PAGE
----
Have any of you ever taken note of that line of dialog before? Probably not, because there is no mystery about the surface meaning of Charles’s comment. He is defiantly explaining to Mary, in a faintly macho way, why he is not aboutto show up at Sir Walter’s digs to meet the great Dalrymples, no way no how. Not to please his wife’s desire to ape her father and get close to “important people”, not to please Sir Walter (“the reigning power”) himself, and certainly not to please Sir Walter’s “heir presumptive”, i.e. Cousin Elliot (“the rising sun”)-- Charles will be damned if he will kowtow to any of those damned proud Elliots!

But that is only the first layer of the onion.

Next, I noted, with delight, the two homophonic puns in Charles’s little speech (“reigning” = “raining”, which, in terms of weather, is the opposite of “sun”; and also "sun” = “son”—think about Hamlet--- because Cousin Elliot, as an heir presumptive, is the equivalent of a rising “son” vis a vis a “reigning power”). This is very much of a poetic effect, with condensation of multiple meanings in a single line, and Persuasion would be the very JA novel you’d expect to have more of that sort of poetic effect per page than any of the others.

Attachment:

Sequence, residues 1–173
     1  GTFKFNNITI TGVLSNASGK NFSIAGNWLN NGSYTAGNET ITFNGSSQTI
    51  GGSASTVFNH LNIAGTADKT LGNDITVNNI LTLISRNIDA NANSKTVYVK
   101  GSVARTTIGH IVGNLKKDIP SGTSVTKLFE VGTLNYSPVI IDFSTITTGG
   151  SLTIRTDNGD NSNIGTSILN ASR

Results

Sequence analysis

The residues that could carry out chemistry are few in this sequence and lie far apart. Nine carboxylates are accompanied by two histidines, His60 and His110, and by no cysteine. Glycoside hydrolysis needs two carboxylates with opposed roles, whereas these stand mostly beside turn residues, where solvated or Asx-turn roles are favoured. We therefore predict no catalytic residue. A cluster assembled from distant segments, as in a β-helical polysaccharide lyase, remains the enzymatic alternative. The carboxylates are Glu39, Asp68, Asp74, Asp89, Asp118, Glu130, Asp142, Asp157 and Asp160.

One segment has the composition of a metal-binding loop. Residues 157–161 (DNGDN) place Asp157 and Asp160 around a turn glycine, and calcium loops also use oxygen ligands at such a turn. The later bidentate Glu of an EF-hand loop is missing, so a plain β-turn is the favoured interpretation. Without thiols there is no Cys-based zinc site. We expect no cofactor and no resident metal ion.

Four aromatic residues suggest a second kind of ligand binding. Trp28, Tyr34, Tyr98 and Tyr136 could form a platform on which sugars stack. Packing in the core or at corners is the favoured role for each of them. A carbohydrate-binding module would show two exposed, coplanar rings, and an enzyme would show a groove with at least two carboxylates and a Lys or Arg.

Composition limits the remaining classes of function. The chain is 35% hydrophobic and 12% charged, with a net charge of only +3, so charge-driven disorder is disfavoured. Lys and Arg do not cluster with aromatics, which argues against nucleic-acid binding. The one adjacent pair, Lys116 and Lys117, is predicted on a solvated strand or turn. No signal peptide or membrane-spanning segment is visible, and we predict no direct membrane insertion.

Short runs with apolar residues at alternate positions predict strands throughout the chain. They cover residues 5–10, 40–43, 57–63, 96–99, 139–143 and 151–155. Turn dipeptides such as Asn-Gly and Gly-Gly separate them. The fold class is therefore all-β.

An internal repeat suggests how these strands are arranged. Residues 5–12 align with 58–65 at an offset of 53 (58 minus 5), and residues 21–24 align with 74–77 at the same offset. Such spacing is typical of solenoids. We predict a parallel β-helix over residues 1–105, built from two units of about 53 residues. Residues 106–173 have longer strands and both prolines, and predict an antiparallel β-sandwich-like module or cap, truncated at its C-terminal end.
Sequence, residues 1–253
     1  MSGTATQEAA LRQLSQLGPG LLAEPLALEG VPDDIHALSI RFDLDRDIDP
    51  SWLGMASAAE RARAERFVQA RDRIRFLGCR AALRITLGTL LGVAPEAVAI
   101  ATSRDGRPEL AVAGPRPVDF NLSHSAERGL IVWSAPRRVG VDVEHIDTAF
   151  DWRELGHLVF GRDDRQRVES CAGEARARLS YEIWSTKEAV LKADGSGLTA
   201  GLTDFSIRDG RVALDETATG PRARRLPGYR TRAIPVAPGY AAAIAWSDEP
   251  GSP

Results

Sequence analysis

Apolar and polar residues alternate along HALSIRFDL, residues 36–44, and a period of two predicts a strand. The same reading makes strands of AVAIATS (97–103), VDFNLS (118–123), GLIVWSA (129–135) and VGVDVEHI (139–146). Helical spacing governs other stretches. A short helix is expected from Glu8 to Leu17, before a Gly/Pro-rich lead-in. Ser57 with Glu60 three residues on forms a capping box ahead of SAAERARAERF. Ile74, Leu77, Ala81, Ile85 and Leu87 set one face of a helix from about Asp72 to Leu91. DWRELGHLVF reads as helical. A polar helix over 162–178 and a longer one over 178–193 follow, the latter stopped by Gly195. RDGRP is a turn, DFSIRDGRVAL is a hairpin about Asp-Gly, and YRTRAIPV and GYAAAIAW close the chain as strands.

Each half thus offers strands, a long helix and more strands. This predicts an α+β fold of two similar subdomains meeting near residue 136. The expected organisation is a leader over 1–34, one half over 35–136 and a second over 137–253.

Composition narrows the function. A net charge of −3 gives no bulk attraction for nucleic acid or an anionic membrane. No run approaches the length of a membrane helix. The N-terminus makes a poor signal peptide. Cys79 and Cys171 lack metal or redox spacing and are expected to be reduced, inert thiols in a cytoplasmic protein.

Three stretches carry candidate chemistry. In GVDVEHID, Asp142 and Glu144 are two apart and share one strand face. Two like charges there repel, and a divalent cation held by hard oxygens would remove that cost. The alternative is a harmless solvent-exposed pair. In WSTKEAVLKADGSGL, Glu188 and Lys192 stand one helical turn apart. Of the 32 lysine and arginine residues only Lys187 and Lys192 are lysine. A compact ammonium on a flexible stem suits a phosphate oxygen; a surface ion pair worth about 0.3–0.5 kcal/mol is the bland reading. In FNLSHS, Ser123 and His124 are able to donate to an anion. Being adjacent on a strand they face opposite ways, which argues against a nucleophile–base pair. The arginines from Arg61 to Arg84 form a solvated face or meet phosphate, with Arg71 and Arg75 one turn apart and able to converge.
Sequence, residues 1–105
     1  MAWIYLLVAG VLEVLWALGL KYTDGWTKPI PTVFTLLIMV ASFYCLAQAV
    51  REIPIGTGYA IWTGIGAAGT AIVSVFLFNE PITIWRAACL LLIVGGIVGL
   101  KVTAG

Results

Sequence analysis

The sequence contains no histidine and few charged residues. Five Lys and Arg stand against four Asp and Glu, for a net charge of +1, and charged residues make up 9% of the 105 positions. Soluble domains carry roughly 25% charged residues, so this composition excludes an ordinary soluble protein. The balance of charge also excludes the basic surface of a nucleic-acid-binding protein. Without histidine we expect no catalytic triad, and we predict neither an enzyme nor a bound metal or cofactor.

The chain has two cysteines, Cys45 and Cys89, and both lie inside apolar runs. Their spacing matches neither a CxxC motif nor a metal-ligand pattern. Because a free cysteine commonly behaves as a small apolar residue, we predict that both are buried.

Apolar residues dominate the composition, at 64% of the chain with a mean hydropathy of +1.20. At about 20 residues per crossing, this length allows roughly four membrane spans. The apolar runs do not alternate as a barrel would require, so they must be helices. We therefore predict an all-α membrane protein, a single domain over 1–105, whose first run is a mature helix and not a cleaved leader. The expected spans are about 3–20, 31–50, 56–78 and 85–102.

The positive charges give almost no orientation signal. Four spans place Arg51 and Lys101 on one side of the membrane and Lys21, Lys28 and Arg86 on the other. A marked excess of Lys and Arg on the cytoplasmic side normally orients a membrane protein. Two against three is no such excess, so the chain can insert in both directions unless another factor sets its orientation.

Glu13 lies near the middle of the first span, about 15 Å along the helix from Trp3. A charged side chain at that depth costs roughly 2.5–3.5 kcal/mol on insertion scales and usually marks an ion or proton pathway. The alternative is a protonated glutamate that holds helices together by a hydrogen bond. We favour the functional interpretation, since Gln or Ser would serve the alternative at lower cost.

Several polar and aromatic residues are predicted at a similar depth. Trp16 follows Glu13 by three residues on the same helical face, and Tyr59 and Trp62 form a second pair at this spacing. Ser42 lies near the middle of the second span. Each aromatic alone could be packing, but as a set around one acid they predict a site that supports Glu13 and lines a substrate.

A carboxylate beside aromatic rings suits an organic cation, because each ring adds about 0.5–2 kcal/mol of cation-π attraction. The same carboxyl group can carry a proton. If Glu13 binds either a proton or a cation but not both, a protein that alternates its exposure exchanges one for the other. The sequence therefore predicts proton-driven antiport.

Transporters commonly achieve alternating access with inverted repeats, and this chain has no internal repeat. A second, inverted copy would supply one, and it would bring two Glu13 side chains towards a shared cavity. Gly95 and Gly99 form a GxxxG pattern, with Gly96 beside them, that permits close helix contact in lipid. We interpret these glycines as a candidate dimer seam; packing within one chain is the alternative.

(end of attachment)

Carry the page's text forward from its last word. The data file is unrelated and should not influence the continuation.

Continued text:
So far, so good, but that is still only the second layer of the onion. Ihad also recognized immediately that there just had to be a third layer as well, i.e., that this statement by Charles was an allusion of some kind. It seemed a prototypical example of the category of “very unusual turn of phrase” which I have learned from my experience in sleuthing into JA’s writing, is invariably a marker of a covert pointer to some other work of literature or history.

That was the moment of delicious anticipation in my research, to be savored, because at that moment I had absolutely no idea what the allusion would be. So as I entered “bow to the rising sun” in Google Books, I felt like a contestant on Wheel of Fortune when Pat Sajak opens the envelope to reveal exactly how large the prize the contestant has just won. That’s what keeps me doing this research even now.

And my prize was being led to the following book published in 1819, which was the first book written in English, currently searchable on Google Books, which used that phrase “bow to the rising sun”: